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Unfortunately, mobile Web browsers will not render pdf inside an iframe. The pdf mime type is handled by most Web browsers as a file to be downloaded. The only way you could make it work is to convert the PDF to an image format before hand so that it can be displayed inside one of your iframes. The mobile constraint makes it difficult to show both at the ...


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You can also read about "User Research" which is generally the first step for a UX Designer when the business requirements are presented to him/her. That's where BA and UX differ and converge in terms of core business needs taking into account what a user needs.


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BA's don't fit in core UX/UI technology flow but in core software development flow. Some main functions of the BA are to understand requirements and after that to devise the logical architecture of a solution. These two tasks are intimately related to UX/UI and impact UX. understand requirements We read "Know Thy User" everywhere in UX copy. Well, the BA ...


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The BA represents business needs, where the UX represents user needs. UX and BA work together in constant conversation to make sure the priority is right for the product. UI and BA work together to make sure the requirements are captured in a way that developers can interpret, and testers can test. In your diagram the BA role should run in parallel to ...


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It's going to be different in every company, but essentially from my experience the business analyst will often be involved particularly at the start and end of this process. They might have a business need which they'll discuss with a user experience designer, who takes it from there to work on the research and interface - depending again on the company ...


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Let's be frank about this: Your goal is to get users to get sign up. This means you want them to be aware of your valuable content and to see what's underneath the barrier, without completely hiding it. Content Teasing: You'll have to seduce them into wanting to view the entire article. if you fully block the article, they won't have an additional ...


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I think there is possible another approach (a friendlier one, actually). For the unregistered user you can show the title and a short excerpt (let's say, a 3-lines paragraph), followed by a Call2action/button prompting them to register: "Register to read entire article", "Full article available for registered users", etc. This way you will accomplish a ...


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I don't see a need for a panel alert to notify unregistered users to understand they need to register to view certain information. Depending upon login, the system should understand if the user is registered or not. Registered users get to see the title and content, while the unregistered users get to see only the title and a note next to that saying, they ...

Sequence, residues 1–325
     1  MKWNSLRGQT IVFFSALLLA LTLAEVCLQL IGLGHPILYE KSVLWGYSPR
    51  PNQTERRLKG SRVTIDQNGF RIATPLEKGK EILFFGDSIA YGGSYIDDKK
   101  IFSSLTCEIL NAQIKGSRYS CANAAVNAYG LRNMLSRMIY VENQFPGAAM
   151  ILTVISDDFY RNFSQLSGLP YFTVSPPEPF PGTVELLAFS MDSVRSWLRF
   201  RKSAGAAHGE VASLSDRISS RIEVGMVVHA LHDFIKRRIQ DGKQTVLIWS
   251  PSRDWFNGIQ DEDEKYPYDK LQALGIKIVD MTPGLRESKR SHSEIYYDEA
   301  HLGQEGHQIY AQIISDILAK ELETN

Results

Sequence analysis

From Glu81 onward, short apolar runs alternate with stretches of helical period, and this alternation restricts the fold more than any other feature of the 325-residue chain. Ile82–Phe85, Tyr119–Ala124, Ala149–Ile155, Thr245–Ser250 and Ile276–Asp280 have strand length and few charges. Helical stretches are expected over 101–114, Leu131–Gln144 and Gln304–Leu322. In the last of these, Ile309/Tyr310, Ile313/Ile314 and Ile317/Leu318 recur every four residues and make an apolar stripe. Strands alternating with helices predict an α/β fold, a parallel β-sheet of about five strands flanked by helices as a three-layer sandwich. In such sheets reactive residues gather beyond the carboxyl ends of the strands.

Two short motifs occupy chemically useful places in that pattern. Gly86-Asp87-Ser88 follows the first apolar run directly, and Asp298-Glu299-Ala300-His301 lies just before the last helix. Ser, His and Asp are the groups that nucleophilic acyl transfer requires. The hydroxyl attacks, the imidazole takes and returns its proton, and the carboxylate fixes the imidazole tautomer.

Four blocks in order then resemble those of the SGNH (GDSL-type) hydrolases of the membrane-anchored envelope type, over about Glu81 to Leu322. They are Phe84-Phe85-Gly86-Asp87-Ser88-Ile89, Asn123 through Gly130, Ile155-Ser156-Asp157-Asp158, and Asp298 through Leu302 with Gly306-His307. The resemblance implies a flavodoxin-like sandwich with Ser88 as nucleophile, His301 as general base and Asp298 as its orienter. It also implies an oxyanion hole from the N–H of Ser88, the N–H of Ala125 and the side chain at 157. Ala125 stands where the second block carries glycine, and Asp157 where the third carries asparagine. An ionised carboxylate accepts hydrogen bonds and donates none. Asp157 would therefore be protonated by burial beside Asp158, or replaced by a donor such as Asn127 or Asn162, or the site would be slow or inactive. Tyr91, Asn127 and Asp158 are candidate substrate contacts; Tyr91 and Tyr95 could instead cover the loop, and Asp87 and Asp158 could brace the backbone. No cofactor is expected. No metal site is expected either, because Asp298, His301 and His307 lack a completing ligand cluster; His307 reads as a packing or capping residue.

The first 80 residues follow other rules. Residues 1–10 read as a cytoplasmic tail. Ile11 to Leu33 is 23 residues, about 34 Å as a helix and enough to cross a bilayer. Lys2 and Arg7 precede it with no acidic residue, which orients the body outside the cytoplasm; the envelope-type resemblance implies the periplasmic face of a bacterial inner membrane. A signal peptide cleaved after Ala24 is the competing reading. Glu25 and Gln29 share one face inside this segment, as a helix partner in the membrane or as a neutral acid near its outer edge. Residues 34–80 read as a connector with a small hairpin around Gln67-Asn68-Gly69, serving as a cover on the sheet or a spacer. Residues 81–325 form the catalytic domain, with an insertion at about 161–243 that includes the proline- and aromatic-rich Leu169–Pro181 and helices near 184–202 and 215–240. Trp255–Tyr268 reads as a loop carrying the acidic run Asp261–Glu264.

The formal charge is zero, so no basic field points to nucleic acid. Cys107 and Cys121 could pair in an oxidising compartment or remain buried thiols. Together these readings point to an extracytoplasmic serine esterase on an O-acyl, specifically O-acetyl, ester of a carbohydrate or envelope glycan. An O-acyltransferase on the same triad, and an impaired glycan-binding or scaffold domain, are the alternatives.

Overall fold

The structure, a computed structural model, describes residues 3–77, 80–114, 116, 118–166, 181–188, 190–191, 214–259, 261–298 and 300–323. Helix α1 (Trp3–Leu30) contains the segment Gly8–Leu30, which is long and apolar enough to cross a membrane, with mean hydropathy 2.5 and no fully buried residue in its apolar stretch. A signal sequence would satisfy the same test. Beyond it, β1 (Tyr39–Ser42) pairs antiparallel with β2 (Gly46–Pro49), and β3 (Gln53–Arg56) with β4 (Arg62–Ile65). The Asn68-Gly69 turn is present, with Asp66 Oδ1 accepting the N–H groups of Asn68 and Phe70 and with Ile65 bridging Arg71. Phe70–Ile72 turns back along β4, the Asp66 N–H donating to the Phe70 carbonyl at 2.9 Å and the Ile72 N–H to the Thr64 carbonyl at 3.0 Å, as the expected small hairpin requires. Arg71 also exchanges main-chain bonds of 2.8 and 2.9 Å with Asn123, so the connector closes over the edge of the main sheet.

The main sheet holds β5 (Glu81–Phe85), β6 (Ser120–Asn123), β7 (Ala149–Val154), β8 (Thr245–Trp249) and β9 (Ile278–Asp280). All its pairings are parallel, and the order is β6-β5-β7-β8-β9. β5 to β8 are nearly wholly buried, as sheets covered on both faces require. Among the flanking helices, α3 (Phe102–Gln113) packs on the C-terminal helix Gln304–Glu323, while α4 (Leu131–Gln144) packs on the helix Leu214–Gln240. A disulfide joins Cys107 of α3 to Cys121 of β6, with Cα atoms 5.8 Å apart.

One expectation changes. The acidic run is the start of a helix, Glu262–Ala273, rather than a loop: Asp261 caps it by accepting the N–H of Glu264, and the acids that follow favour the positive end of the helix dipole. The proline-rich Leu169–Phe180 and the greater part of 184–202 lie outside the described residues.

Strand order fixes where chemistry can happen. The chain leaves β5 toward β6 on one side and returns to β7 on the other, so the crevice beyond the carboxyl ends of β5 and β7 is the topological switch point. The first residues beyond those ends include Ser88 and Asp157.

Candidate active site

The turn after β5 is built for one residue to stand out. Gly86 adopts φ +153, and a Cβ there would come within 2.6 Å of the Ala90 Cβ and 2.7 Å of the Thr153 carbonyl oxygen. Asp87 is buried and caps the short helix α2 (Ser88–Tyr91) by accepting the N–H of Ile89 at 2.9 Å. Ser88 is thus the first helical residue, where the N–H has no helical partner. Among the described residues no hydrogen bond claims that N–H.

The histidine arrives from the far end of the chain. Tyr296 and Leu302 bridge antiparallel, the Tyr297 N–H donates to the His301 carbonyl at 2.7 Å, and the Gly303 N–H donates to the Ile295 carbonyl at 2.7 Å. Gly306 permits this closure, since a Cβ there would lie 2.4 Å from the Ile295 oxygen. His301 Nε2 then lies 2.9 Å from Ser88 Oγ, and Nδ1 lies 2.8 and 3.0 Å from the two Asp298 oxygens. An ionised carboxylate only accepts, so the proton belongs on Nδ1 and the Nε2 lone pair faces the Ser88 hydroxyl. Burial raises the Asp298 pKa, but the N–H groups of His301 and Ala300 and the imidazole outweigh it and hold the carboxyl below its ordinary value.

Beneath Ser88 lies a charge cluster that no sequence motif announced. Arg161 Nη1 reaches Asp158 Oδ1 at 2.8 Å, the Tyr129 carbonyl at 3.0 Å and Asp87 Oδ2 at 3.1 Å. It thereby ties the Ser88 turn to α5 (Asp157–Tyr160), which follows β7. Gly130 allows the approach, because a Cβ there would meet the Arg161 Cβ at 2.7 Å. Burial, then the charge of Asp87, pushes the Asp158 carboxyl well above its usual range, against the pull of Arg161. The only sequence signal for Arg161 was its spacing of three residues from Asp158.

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You can have both or just one, it really depends directly on your use case: Input field usually works fine in any case if enough helping information is provided (field format, field name, helping text) Input field + range slider (after of below) is used when you want to give the user broad control over a pre-defined range of values with increments; For ...


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Range sliders has a technical advantage above the input field as it will require less validation in order to make secure. For the very same reason it can benefit the user since a range slider wont raise an unnecessary error due to "malformed" input. Range sliders are, however, somewhat limited in that they cannot allow an infinite range of numbers which ...


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In range slider you have to put a range value for your client but, in input field the client can put value without any limit. If you have a range value is a small numbers for example 0-10 you can use range slider but, if your range is very high for example 0-1000 or infinite I suggest you to use number input field.


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Find some inspiration This is not the straight forward answer that you want, but it's an answer that is going to help you time and time again when it comes to things like this. This isn't as much about the user experience as it is about a good looking UI, so it's likely you will face this question again with another part of your project, or while working ...


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Ah, the classic key/value display. I agree with Rashcom- avoid unnecessary text, and use some color to both break up the monochrome and help the user easily read and understand the information. Here's another example: Here are some ideas/principles when displaying key/value pairs: Bold and right alignment helps distinguish the keys from the values Color ...


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It'd be great to have a photo. Either way, what you need is some good 'ol design here (UX and graphical). There is a lot of pointless text I would eliminate. My emphasis with bold type may be completely out of character for your app, but see my image below for some ideas.



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